The history of Nivada Grenchen is packed with cool watches, as you’ll discover with a book that has just been released by the brand, written by Aashdin Billimoria and retracing the story of the Nivada Grenchen Antarctic collection. During the 1950s, 1960s and 1970s, there have been dozens of editions of the Antarctic, some of them already back to life such as the Spider of the Super-Antarctic. But today, it’s all about one of the collection’s earliest models, an early dive watch that stood out in its own way, but also the brand’s first diving watch that appeared at the end of the 1950s. We’ll be talking about the re-edition of the Nivada Grenchen Antarctic-Diver.
After World War II, professional dive watches and later skin-diver watches (simpler models, with less hardcore specifications intended to answer the needs of recreational divers) gained enormous popularity as water sports and exploring undersea life became the new thrill. No self-respecting brand would be seen without a dive watch in its line-up. There was, of course, the Submariner, the Fifty Fathoms or the Seamaster. Nivada Grenchen also embarked on this journey and, by the late 1950s, released its first dive watch, the Antarctic-Diver – and subsequent models after that, such as the Depthmaster.
The recipe with this new watch is something that we’ve come to expect from the brand… Since its return, under the guidance of its CEO Guillaume Laidet, Nivada has been all about reviving past glories, starting with the most emblematic watch of the brand, the Chronomaster Aviator Sea Diver. The Nivada Grenchen Antarctic-Diver follows the same principle, meaning capturing the spirit of the past and mixing it with modern features. The best of both worlds, some would say.
The first thing you’ll notice with the Antarctic-Diver, besides the obvious resemblance with the past model and the overall retro feeling, is the old-school presence of the watch on the wrist. As said, it is a rather faithful evocation of the past, not a 1-to-1 recreation, and proportions have been updated to match the current trends. That being said, with its reasonable 38mm diameter, up 1.5mm compared to the original, it remains a watch that is compact enough to exude a vintage feel. The design is, as you’d expect, respecting the language of the vintage watch.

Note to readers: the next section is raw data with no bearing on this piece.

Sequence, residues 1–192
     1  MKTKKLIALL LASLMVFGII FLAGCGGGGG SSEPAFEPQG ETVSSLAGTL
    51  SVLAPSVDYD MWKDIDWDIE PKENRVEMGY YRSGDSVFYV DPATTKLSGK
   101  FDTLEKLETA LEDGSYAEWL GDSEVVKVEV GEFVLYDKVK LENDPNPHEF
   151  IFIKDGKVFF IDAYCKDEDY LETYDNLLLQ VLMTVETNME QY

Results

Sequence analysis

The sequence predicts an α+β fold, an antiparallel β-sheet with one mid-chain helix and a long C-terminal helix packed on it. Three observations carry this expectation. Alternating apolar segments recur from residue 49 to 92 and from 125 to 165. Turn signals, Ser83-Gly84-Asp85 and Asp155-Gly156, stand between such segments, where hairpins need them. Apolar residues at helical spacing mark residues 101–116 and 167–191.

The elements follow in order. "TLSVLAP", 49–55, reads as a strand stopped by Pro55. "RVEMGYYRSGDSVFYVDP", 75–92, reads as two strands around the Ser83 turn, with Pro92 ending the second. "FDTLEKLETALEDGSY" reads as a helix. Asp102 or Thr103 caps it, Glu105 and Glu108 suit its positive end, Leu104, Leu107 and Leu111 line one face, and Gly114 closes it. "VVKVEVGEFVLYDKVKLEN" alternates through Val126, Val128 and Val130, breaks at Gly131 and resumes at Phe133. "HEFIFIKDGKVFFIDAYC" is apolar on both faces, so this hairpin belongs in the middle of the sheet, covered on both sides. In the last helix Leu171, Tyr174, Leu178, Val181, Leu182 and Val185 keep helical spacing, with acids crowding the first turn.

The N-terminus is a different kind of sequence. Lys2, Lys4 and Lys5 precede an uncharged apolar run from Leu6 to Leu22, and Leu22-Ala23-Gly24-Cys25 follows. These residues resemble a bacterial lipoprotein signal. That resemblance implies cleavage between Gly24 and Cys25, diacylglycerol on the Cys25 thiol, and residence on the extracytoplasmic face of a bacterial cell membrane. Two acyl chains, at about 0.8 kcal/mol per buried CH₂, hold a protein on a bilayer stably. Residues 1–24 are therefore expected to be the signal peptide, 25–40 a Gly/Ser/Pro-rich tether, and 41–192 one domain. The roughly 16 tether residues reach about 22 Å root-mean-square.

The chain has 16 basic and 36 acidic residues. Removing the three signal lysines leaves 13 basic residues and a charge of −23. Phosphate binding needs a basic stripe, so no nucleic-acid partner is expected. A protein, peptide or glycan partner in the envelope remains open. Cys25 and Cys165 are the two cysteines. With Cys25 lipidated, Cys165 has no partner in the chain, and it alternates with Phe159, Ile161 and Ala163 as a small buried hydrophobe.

The rest of the watch, at least regarding the specifications and materials, has been modernized. With a thickness of 12.9mm, it remains very acceptable for a 200m diver with double-domed sapphire crystal. To ensure water-tightness, the crown and the caseback are screwed, the latter being a solid piece of steel with an embossed logo. The sapphire crystal features a cool (or not, depending on your tastes) magnifying glass and the bezel, which is unidirectional and engraved with a fully-graduated 60-minute scale, is made of black polished ceramic.
The vintage charm continues with the dial of this Antarctic-Diver. Black, with a grained texture, it has a rather unique presence and boldness. There’s quite a lot going on, but everything feels characterful and coherent. The hands, in particular, have a bold rectangular shape with facets and alternating brushed and polished surfaces. Long, thin and white markers indicate the minutes, together with larger luminous rectangles for the hours. The centre features a relatively discreet red crosshair and the name of the watch in the brand’s historic font. And it’s all quite lovely.
The Antarctic-Diver is powered by a reliable outsourced movement to maintain the price at a reasonable level, the Soprod P024. This alternative to the 2824 shares the same architecture and specifications. If the watch we had is presented on a fitting black tropic-like rubber strap, you’ll have the choice between several steel bracelets (Forstner Bonklip, Beads of Rice, Oyster or Forstner Rivet) as well as several leather straps.
Now available from the brand’s website, the Nivada Grenchen Antarctic-Diver is released at a competitive price of EUR 815 or USD 900… A fair price that brings a lot of watch in return. For more details, please visit nivadagrenchenofficial.com.
This post first appeared on Monochrome Watches - An online magazine dedicated to fine watches.